The New Markets Tax Credit program has been extended for two years, at $3.5 billion a year, under the Tax Relief, Unemployment Insurance Reauthorization and Job Creation Act of 2010, which President Barack Obama signed into law on Friday. An award announcement is expected next month, said Donna Gambrell, Director of the Community Development Financial Institutions Fund, which administers the program.

NMTCs are an innovative and effective tool in financing projects in low-income communities through specially formed Community Development Entities (CDEs). Their impact is wide ranging. Since the first awards were made in 2002, real estate projects have dominated the program. However, the use of NMTCs has been steadily diversifying, with more awards going toward operating businesses and real estate-related projects such as food banks, charter schools, and health care centers.

Leveraged loans have been integral to the funding packages for most NMTC transactions. But with conventional leverage loan debt in short supply, program participants are frequently employing non-traditional funding sources to close the gap, with a heavy reliance on federal, state, and local government funds.

Ballard Spahr, for example, is working on a transaction for a public housing authority (PHA) that plans to the use the New Markets Tax Credit, alongside multiple sources of public funds, to help finance a mixed-use development. The project will be developed, owned, and managed by a nonprofit affiliate of the PHA as the Qualified Active Low-Income Community Business (QALICB), and a second, nonprofit affiliate will operate as the leveraged lender. The PHA will lend public housing development and capital assistance dollars to the leveraged lender, which will then make the leveraged loan. The public housing funds are expected to account for around half of the estimated $18 million in total development costs. Additional funding resources are equity and anticipated local tax-increment financing, among others.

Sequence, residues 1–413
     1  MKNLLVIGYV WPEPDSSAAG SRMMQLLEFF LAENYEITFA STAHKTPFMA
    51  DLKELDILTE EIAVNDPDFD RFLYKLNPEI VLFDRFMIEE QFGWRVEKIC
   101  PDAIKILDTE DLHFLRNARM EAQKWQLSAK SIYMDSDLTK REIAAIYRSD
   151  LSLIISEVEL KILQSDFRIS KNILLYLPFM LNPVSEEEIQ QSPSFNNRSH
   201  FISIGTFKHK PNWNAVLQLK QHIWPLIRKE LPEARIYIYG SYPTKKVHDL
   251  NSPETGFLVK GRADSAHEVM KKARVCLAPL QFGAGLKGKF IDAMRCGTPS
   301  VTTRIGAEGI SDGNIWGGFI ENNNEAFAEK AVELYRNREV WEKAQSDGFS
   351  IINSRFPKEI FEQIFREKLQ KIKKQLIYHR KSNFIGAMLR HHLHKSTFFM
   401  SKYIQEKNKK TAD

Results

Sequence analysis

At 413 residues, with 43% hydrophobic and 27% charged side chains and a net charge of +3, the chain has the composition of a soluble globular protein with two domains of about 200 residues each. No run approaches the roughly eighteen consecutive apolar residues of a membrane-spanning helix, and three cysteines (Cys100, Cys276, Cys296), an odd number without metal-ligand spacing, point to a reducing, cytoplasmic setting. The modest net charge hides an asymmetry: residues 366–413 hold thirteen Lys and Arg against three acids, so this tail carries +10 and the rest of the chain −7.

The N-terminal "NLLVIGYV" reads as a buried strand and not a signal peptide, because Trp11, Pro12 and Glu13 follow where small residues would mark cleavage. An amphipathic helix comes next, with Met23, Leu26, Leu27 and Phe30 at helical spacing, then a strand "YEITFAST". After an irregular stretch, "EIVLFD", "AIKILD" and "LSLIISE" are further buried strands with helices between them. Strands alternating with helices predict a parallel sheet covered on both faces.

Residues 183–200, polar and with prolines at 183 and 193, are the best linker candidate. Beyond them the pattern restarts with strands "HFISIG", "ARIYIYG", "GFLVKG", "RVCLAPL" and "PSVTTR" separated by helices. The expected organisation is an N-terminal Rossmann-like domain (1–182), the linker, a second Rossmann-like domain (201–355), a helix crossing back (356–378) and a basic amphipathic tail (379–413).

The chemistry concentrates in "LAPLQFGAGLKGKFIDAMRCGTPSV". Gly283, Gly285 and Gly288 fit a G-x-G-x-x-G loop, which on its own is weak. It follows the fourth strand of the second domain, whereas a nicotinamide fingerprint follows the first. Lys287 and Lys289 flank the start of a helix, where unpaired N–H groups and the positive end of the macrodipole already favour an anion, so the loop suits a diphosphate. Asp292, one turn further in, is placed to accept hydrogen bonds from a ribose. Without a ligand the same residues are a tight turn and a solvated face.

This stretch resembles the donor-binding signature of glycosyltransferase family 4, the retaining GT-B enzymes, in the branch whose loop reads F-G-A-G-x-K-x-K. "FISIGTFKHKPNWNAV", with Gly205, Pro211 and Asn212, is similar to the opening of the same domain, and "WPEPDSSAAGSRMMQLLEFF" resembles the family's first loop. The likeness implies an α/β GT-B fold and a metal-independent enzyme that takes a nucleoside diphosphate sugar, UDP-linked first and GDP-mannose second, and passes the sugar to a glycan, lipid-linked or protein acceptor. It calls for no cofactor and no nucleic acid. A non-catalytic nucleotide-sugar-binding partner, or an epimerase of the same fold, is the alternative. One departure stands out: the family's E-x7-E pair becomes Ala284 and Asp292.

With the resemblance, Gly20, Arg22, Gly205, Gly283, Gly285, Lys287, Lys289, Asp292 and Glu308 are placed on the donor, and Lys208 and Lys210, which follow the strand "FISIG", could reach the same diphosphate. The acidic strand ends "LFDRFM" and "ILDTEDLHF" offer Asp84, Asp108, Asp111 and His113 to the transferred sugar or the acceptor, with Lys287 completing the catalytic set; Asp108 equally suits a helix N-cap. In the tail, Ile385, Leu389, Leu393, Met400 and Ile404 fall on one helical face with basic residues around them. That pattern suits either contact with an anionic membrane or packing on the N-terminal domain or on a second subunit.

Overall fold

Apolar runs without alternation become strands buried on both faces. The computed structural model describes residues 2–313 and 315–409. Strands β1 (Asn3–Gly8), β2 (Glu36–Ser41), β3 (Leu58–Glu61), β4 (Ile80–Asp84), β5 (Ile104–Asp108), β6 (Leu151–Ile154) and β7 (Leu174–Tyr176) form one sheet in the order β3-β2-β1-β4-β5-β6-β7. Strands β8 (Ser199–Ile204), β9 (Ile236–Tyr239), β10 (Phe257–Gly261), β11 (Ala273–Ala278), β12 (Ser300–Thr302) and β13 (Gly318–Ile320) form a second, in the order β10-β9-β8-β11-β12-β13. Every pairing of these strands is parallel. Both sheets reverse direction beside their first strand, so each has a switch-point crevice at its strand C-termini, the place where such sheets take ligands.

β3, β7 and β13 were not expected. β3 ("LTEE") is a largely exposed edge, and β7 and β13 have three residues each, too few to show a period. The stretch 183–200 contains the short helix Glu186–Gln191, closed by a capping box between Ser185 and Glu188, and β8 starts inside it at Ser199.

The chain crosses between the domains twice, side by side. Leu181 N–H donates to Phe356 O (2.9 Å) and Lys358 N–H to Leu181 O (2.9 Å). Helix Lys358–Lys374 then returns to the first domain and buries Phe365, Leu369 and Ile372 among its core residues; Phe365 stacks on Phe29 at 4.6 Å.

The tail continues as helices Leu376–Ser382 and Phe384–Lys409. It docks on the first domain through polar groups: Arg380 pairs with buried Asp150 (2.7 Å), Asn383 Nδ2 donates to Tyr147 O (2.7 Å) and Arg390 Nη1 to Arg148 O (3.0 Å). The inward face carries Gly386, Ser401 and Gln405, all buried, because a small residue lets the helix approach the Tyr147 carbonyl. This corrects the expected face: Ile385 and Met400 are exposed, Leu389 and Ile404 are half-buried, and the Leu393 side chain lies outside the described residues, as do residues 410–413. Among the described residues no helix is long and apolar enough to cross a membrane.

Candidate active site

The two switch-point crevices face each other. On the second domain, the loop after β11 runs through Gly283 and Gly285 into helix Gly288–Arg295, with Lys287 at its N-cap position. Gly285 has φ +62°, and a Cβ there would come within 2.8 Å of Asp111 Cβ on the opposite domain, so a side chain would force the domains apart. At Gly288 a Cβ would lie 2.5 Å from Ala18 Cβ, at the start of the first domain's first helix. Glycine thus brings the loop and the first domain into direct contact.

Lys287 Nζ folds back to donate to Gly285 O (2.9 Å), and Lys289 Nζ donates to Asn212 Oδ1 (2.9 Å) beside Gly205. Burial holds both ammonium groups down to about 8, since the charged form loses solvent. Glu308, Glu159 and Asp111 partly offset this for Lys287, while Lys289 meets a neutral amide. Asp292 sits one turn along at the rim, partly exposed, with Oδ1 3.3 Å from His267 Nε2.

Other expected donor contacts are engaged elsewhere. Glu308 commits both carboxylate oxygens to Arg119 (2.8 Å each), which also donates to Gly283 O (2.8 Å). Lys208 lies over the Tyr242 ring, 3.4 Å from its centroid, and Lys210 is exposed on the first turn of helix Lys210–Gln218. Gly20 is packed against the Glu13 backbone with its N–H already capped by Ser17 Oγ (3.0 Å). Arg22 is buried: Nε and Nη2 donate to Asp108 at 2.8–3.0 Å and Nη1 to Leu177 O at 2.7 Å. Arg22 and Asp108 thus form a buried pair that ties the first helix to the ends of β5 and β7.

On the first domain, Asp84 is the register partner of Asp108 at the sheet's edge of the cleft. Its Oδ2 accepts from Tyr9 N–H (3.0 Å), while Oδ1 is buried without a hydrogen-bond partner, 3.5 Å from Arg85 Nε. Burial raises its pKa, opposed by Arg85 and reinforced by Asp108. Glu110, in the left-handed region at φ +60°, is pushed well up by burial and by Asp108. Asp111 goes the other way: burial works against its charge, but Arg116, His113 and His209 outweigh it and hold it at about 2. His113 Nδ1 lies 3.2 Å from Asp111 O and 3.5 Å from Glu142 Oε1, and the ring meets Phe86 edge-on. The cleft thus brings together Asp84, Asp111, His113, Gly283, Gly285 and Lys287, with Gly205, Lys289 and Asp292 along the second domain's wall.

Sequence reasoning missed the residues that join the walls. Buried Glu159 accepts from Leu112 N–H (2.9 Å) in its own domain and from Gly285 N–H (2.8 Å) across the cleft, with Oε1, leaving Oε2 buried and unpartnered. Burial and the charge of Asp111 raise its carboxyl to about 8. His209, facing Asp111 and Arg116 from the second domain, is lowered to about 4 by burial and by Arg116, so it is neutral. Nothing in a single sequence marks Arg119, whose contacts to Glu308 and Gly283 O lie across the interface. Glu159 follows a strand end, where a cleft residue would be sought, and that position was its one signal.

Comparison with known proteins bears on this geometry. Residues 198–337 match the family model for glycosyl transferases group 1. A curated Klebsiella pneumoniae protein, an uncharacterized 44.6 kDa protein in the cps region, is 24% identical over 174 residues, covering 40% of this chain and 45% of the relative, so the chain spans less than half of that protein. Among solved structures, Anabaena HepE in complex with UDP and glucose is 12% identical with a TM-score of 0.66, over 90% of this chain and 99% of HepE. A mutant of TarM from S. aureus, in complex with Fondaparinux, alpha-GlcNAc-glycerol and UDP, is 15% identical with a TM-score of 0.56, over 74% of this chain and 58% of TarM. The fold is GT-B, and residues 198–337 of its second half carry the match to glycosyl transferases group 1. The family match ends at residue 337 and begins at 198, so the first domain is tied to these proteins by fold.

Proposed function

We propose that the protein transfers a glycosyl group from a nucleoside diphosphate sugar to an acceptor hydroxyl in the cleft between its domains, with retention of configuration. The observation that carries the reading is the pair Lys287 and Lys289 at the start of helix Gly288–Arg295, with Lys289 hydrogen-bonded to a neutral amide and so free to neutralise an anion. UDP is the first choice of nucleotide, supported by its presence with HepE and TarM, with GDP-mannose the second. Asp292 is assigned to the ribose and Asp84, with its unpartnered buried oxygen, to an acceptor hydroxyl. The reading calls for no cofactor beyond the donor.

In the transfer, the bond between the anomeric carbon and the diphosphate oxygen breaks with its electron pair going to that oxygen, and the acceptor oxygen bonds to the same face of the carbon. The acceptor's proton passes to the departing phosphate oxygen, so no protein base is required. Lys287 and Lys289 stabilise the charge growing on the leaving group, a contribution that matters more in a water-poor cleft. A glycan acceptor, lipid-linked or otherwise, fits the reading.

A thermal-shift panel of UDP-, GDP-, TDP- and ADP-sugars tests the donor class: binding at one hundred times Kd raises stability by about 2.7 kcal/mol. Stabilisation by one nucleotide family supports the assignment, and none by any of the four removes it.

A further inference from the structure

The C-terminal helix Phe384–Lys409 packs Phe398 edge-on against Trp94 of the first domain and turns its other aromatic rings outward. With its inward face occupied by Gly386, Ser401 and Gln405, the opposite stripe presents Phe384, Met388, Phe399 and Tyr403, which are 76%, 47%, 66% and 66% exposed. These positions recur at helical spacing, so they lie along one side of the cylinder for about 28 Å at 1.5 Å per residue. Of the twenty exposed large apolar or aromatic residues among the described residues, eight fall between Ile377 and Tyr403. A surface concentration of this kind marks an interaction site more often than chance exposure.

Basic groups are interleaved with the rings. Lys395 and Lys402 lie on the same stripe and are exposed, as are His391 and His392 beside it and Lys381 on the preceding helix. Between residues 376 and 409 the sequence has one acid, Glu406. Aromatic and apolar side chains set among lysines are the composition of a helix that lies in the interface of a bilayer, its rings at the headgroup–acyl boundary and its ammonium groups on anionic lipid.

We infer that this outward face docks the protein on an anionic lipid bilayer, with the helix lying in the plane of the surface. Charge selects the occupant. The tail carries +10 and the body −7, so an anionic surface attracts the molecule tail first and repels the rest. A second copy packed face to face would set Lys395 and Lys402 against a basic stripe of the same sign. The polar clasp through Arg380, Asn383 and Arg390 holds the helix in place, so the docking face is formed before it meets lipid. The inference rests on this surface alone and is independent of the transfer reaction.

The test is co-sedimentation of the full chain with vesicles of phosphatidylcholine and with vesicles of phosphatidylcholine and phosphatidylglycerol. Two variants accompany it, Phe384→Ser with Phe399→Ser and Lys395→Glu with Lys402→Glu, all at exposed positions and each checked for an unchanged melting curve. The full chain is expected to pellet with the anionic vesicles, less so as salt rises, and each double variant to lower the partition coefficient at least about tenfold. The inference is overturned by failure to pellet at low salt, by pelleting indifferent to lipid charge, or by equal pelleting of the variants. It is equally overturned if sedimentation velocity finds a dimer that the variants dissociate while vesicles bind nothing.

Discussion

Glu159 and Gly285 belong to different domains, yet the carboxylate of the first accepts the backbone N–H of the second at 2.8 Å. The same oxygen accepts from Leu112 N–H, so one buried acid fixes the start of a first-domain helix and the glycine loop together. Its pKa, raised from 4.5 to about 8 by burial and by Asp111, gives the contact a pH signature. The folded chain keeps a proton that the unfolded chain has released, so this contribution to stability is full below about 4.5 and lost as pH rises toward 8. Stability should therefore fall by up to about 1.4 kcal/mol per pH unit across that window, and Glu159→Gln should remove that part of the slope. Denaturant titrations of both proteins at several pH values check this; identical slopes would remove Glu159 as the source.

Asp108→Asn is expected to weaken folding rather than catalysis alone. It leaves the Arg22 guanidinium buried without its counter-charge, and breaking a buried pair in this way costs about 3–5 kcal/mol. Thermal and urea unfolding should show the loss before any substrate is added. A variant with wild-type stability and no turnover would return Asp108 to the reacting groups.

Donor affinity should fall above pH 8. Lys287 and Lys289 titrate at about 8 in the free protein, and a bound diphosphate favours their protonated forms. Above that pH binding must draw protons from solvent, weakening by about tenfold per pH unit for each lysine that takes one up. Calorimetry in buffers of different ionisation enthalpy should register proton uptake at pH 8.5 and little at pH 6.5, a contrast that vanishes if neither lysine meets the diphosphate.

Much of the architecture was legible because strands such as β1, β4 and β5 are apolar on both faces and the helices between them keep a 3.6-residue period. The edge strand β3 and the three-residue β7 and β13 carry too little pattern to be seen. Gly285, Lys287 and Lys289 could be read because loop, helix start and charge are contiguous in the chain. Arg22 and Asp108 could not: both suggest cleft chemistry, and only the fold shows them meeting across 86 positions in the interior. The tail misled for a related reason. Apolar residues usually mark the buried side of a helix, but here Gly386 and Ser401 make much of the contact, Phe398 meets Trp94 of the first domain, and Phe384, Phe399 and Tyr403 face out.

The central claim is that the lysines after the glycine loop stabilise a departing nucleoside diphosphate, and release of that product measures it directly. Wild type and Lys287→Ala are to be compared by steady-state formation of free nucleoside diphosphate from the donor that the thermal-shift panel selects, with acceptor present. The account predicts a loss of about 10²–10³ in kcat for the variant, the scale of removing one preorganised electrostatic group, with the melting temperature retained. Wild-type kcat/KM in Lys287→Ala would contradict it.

Our NMTC team believes that this transaction, the first of its kind, can serve as a model for other housing authorities. In addition to offering new ways to develop housing, it holds the potential for financing community-related programs and services for public housing residents in conjunction with such development.

Please contact Stephanie L. Franklin-Suber, partner-in-charge of Ballard Spahr’s NMTC practice, at 215.864.8203 or, if you have any questions about how you might use NMTCs. Ms. Franklin-Suber and her team are experienced in combining NMTCs with other tax credits and financing sources, such as historic rehabilitation tax credits, energy tax credits and incentives, state and local tax credits, grants and subsidized loans, tax-exempt bond financing, American Recovery and Reinvestment Act funds, Tax Increment Financing, Community Development Block Grant funds, federal government agency loan guarantees, and conventional financing.  

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